A licence is required in order to erect a scaffold on or above the public highway. The licence is issued under section 169 of the Highways Act 1980, generally by the highway authority responsible for the particular stretch of highway. This guidance indicates the type of information that may be required.
Where it is not reasonably practicable to avoid entering a confined space to undertake work, the employer or self-employed person is responsible for ensuring that a safe system of work is used. This recently updated guidance outlines the hazards associated with Confined Space Entry.
This guidance note is concerned with advice for the safe erection, use and dismantling of temporary suspended chutes intended for the conveyance of waste construction materials. The guidance covers chutes constructed of detachable sections made of metal or non-metallic material, attached to scaffolding.
The NASC are committed to involving everyone in health and safety matters whether on construction sites or in the office. To effect a change we must consider our workforce and consult with all those involved in a project, listening to and where necessary acting upon the views of the workforce.
This document gives scaffolding companies and clients guidance on The Work at Height Regulations 2005 (WAHR 2005) relating to safe means of access to and from scaffolding working platforms. The Construction (Design and Management) Regulations (CDM) outline that clients, principal designers,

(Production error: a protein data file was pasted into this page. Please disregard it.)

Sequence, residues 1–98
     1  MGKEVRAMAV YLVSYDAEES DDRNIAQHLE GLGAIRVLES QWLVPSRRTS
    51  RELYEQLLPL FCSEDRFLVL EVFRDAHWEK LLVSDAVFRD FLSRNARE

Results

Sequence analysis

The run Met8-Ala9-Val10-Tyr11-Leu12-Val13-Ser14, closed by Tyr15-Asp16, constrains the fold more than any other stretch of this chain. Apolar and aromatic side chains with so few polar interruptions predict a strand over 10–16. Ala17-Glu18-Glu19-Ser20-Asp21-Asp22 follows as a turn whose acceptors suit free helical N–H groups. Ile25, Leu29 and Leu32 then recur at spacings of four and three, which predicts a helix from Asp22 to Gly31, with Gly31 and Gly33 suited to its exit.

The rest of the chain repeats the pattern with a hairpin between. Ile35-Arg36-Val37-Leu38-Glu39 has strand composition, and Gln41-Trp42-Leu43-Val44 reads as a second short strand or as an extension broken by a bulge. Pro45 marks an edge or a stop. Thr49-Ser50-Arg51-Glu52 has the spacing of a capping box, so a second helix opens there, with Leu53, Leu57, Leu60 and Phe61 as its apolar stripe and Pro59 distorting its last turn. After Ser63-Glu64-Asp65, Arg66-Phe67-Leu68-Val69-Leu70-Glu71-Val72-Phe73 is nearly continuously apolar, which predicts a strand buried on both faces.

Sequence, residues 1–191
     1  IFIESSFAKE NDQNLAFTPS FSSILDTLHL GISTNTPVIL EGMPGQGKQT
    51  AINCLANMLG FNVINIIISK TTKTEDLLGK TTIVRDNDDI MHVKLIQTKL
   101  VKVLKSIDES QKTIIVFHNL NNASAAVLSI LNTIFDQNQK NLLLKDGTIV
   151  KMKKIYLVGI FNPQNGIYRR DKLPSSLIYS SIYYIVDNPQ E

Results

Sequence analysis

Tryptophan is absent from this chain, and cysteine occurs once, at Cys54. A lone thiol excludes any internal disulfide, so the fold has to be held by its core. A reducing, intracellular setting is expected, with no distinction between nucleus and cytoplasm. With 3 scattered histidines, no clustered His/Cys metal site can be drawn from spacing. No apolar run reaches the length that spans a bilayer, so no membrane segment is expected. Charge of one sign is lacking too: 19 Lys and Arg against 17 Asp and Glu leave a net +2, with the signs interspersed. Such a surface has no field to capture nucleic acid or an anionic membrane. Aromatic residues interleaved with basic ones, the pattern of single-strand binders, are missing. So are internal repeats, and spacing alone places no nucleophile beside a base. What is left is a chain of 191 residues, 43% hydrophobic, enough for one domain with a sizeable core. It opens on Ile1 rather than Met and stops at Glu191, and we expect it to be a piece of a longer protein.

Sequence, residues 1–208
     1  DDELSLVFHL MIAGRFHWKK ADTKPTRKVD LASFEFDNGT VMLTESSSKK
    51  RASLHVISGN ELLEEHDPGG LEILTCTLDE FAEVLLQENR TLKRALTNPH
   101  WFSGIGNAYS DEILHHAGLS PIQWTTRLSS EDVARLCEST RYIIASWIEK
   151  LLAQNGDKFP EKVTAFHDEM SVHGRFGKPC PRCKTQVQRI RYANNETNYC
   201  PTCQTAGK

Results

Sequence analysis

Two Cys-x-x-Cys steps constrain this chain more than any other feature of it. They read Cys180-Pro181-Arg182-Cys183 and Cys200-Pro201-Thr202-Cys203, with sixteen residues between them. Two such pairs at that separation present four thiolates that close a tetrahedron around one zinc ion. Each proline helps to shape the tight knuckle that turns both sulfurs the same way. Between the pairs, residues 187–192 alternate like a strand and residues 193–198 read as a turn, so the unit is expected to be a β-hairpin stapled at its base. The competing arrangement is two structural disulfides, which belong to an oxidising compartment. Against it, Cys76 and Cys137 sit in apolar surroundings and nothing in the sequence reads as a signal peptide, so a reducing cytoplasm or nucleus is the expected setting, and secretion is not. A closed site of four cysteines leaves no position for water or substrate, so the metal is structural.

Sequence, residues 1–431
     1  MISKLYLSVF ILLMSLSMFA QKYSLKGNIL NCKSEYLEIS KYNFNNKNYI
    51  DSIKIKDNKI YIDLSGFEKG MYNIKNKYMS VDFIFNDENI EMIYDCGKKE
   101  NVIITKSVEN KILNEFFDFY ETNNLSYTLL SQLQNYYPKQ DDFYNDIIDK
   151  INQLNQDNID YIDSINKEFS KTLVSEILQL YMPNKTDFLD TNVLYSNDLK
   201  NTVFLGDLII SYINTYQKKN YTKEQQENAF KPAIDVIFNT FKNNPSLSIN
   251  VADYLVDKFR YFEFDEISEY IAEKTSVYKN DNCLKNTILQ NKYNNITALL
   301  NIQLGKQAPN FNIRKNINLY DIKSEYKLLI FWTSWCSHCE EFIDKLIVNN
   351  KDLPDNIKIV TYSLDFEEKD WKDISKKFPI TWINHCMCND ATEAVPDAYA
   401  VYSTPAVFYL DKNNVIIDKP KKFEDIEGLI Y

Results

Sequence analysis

principal contractors, designers and contractors should consider what form of access may be needed at the planning stage. This should include any emergency escape routes that have been identified by the risk assessment, the preferred option for access / egress and the required number of access points. On larger projects powered passenger / goods hoists may be a safer option if available. Where passenger hoists are used, an additional means of access will be required for emergency purposes (e.g. in the event of a fire or mechanical failure). This update is significant in that key changes are ‘Ladder Safety’ and ‘Security’ of access onto scaffolds that differs to the earlier SG25:14.
The purpose of this guidance note is to bring together, in one document, some of the more common qualifications used by members. It is not suggested that the list is exhaustive or that the wording of individual clauses is appropriate to each and every similar situation. However, it may serve as a check list for estimators.
The purpose of this guidance note is to identify factors to consider when seeking to reclaim any part of the cost of work-related training incurred by the employer in respect of an employee who is leaving employment.
The reliance by the scaffolding contractor, on the skill and expertise of their operatives, will not relieve them of their responsibility for the adequacy of the design. This guidance outlines design criteria, training needs, insurance, ownership/copyright and common misconceptions when utilising a designer for scaffolding.
Generally written contracts specify a date for completion of the works. Whichever method is used failure to complete the work by the specified date may leave the scaffolder open to employer's claims. This guidance outlines the circumstances and how different situations can be managed.
Please enter a postcode to search for a member: